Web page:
Greg Walsh

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Children's Podcast Technologies (w/NPR)


National Public Radio has important role in many people's lives. One group that is noticeably missing from NPR's target audience is children. My team worked with a very small team at NPR to explore the nexus of being a kid and audio programming by trying to answer how do we create audio experiences for children?

Design Solution

To explore this problem, I instantiated an inter-generational design team at the Digital Whimsy Lab. This team consisted of eight children ages seven to eleven who live in Baltimore City, four of their parents, and four design researchers from the University of Baltimore's Interaction Design and Information Architecture program. The group met each week for one month.

Our design sessions followed the model of Snack Time - Circle Time - Design Time - Big Ideas. The early sessions were generative and became more focused on evaluative as prototypes were developed and iterated upon.

Childrens' drawings of how a podcast should work
The early drawings of the groups showcasing what they think audio programming is and how they could best enjoy it.

We first learned that children have little concept of what a "podcast" is. That makes sense considering podcasts are listened to in very private ways like headphones or in the car. But children (at least these children) don't listen to anything unless it is part of a group — at school, in the car, or places of worship. Children rarely have agency about what they can listen to and when. The design group built low-fidelity prototypes with craft supplies and presented their ideas. Those ideas became the building blocks of the researchers' first prototypes.

Prototypes with cardboard pieces representing features on a velcro based board NFC prototype with tokens
The range of prototypes developed included low-tech cardboard with hook and loop fasteners to a Near Field Communication device that enabled children to exchange audio programs.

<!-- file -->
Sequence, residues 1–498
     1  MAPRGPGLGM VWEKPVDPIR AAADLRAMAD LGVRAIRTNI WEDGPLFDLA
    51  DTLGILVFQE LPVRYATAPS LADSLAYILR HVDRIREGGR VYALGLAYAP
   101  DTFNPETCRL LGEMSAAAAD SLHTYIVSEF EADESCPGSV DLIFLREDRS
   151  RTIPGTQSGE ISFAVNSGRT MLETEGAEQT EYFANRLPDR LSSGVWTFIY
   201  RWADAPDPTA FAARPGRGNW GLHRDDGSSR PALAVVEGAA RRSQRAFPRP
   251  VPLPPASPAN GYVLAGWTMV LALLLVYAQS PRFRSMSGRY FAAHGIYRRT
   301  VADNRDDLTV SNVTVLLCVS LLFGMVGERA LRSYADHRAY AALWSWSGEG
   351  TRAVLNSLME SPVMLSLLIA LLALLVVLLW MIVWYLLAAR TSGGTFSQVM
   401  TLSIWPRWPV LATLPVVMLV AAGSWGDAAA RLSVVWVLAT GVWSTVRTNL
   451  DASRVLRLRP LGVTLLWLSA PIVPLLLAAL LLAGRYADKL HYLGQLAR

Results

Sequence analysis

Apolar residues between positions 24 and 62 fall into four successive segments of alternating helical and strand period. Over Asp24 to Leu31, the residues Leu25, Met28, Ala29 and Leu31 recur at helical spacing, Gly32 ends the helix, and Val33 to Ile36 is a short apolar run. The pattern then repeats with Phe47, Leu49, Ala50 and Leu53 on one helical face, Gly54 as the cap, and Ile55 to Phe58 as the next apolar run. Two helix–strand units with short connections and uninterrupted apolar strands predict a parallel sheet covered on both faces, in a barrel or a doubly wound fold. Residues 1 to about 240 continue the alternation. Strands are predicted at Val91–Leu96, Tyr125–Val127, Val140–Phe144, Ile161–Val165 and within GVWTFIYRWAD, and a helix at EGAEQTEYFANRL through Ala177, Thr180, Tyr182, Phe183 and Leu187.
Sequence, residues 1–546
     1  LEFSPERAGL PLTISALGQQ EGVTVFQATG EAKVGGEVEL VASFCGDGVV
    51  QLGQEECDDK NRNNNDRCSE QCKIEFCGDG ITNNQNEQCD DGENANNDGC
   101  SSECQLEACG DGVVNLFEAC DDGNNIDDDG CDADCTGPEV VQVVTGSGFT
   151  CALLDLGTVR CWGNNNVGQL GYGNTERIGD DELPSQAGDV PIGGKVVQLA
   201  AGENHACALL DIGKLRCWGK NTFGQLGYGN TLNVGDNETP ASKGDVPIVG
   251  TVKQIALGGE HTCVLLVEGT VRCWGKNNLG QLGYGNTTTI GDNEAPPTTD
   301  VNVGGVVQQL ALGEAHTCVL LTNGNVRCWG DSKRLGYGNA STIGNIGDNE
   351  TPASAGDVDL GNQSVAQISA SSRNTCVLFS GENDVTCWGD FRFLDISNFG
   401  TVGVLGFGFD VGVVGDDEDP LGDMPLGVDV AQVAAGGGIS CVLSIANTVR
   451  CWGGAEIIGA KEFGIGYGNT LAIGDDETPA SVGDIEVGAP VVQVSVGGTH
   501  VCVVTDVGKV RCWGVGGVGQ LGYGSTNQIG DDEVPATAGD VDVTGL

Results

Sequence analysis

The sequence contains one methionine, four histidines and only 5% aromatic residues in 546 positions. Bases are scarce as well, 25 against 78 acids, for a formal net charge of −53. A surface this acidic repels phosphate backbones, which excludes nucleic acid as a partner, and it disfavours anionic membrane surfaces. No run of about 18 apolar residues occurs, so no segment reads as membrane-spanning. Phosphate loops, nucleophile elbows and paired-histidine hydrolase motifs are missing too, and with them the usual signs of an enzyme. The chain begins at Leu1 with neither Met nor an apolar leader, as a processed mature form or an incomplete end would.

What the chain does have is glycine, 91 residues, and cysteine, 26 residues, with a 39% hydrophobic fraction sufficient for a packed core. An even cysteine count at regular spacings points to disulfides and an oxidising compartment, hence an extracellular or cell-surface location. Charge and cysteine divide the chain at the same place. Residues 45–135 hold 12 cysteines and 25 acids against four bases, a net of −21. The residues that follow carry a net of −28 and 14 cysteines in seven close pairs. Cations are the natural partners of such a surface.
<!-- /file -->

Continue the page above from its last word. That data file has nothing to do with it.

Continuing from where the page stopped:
We didn't think a fully-realized prototype was appropriate for our first iteration. In order to see how features should be integrated into a possible solution, we developed dozens of small cardboard "features" that could be placed on velcro boards. The boards approximated the size and physicality of phones, tablets, and wrist-mounted computing devices. The groups built their devices and, imaginatively, used the pieces in ways we hadn't intended. For example, the antenna became microphones and money became tokens with programs that could be traded.

We used this idea in novel way by creating technical prototypes of token-based programming. The children could hand each other a token and listen to an associated program on a media player. This gave the kids the ability to "share" something in the same way they talked about their grown-ups and siblings sharing things on Twitter and Facebook.

In the end, our findings included:

These findings led to the following design implications reported to NPR:

For more information about this project, see the story Kids Co-Design the Darndest Things at


This was one of my favorite projects I've worked on over the last 10 years. First, I'm a huge fan of public radio so being able to help connect more people to it is a personal "win". Second, it was a nice change of pace from my usual design team that met twice a week, for an entire school year and worked as a nice prototype for my more recent work in working with the local communities through co-designing in libraries.


leader, supervisor, designer, programmer, hardware builder, researcher. I oversaw one employee and two volunteers for this project.

Methods Used

user-centered design, co-design, iterative prototyping, user test, lab studies, internet of things, sketching

Technologies Used

Javascript, Arduino, PHP

Additional Materials

Affinity Diagram
We employed affinity diagramming as a way to capture and analyze feedback in our design sessions.
Kids using prototypes
Besides making things, the design team also tried out and evaluated the prototypes.

More information: